Wednesday, May 4, 2016

Wild Wednesday ~ Leaves Unfurling and Fungus

For a long time, I felt like spring snuck up on me. Like I'd wait for it and wait for it all winter, and suddenly one day the grass would be green and the trees all had leaves and the flowers were in bloom and I somehow missed the steps that got us there. While it was lovely to finally exist in a green and vibrant world, it was also a little like walking into a movie at the climax, having missed the rising action. Over the last few years, I've become more aware of the gradual buildup of the season, the subtle signs that show the world awakening in new life, and this year, especially, I've been keeping an eye on the trees as their buds split and release the year's new growth.

Each tree has a unique pattern of buds and those buds each open in their own time and fashion. I love the pink-bordered symmetry of these striped maple (Acer pensylvanicum) buds.

American beech (Fagus grandifolia) buds are long and narrow, pointed on both ends ("cigar-shaped" is the usual description), and right now they seem to be telescoping open. The remind me of those things we used to make as kids by rolling up several sheets of newspaper, cutting a fringe at one end and sliding the sheets apart into a kind of scepter (I tried to find a picture of this online and it does not appear to be a thing. I guess I'll have to try to recreate them with my kids, so you know what I'm talking about).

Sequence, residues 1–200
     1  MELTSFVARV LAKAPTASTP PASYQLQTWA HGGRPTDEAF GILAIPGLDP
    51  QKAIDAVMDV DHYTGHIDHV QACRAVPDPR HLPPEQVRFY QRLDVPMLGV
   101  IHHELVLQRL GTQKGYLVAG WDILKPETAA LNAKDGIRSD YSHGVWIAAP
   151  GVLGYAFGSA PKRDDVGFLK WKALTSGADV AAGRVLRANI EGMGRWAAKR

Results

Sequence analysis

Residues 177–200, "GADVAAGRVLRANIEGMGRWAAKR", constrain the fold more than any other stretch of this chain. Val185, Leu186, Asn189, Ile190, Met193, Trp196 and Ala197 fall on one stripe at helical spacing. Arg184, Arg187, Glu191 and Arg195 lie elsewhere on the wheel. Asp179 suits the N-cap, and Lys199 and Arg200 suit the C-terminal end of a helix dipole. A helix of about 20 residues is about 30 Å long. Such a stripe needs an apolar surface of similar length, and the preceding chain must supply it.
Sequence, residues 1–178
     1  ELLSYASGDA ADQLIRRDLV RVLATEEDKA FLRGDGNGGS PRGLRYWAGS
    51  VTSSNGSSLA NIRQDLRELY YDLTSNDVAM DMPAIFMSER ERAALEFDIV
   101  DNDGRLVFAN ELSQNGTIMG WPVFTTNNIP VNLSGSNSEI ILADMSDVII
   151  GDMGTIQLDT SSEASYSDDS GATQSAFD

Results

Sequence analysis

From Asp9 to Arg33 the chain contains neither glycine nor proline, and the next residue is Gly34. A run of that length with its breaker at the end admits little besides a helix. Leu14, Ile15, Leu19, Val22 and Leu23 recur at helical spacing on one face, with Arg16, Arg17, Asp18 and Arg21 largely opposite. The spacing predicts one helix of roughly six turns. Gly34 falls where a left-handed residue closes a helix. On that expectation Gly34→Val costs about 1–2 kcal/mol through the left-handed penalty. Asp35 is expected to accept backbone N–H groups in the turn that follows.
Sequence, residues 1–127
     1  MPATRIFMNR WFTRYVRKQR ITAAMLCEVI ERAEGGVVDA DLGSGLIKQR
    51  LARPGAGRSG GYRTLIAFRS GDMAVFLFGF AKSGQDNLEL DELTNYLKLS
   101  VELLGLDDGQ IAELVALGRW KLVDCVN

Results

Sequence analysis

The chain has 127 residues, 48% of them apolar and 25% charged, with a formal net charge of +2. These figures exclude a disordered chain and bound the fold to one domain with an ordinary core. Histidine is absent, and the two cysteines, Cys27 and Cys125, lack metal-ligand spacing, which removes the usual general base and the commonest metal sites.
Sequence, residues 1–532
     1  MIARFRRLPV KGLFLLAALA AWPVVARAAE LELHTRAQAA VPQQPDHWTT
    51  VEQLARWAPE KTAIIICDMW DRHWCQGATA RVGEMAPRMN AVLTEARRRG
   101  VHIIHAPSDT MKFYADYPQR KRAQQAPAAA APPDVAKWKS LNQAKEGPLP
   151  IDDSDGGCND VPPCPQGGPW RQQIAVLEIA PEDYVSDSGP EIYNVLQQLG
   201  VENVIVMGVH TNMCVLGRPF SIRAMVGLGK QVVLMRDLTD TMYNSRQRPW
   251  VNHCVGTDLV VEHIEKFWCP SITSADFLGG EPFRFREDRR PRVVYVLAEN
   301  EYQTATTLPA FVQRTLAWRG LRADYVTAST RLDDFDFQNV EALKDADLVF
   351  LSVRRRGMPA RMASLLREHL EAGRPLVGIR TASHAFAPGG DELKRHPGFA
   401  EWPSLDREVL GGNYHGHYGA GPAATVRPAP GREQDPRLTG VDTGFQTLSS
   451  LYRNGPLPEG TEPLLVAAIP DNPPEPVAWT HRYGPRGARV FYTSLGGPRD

I'm embarrassed to say I don't remember what kind of tree these leaves came from. American hophornbeam, maybe? Anyway, they look so cheerful and ready for spring I had to include them anyway.

Of course, along with spring things, I continue to see many sights that have been around all winter, like these polypore fungi. I think this is violet toothed polypore (Trichaptum biforme). I've seen it all over the place all winter, though I haven't seen any actual violet specimens (and I keep forgetting to look for the teeth).

Another fungus I learned this winter, which is easy to spot because birch trees are easy to spot, is the birch polypore (Piptoporus botulinus). Learning natural history can be a slow process (although I'm beginning to think I'm just slow at everything), and learning fungus seems to be extra slow, so I'll be happy to get two species per year.


  1. Learning a few new species of wildlife a year is a good way I am sure if you try to learn too many then they won't stick as it were. I love the return of the green haze it's on it's way......


Related Posts Plugin for WordPress, Blogger...